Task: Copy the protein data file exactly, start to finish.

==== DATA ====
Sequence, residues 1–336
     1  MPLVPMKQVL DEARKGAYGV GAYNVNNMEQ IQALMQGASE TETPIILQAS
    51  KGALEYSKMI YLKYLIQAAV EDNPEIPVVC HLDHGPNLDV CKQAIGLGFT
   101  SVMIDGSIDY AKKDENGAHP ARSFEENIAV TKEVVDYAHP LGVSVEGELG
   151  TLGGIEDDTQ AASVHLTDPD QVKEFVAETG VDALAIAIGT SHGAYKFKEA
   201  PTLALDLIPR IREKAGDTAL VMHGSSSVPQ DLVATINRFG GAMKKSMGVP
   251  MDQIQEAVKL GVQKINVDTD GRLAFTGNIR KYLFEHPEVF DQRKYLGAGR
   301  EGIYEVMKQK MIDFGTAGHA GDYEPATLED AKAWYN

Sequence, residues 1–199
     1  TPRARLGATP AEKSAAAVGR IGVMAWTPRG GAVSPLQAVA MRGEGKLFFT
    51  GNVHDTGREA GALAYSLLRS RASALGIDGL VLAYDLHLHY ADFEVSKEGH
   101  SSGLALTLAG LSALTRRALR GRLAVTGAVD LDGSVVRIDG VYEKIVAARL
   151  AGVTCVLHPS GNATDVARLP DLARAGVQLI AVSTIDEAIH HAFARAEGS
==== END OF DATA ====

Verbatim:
Sequence, residues 1–336
     1  MPLVPMKQVL DEARKGAYGV GAYNVNNMEQ IQALMQGASE TETPIILQAS
    51  KGALEYSKMI YLKYLIQAAV EDNPEIPVVC HLDHGPNLDV CKQAIGLGFT
   101  SVMIDGSIDY AKKDENGAHP ARSFEENIAV TKEVVDYAHP LGVSVEGELG
   151  TLGGIEDDTQ AASVHLTDPD QVKEFVAETG VDALAIAIGT SHGAYKFKEA
   201  PTLALDLIPR IREKAGDTAL VMHGSSSVPQ DLVATINRFG GAMKKSMGVP
   251  MDQIQEAVKL GVQKINVDTD GRLAFTGNIR KYLFEHPEVF DQRKYLGAGR
   301  EGIYEVMKQK MIDFGTAGHA GDYEPATLED AKAWYN

Sequence, residues 1–199
     1  TPRARLGATP AEKSAAAVGR IGVMAWTPRG GAVSPLQAVA MRGEGKLFFT
    51  GNVHDTGREA GALAYSLLRS RASALGIDGL VLAYDLHLHY ADFEVSKEGH
   101  SSGLALTLAG LSALTRRALR GRLAVTGAVD LDGSVVRIDG VYEKIVAARL
   151  AGVTCVLHPS GNATDVARLP DLARAGVQLI AVSTIDEAIH HAFARAEGS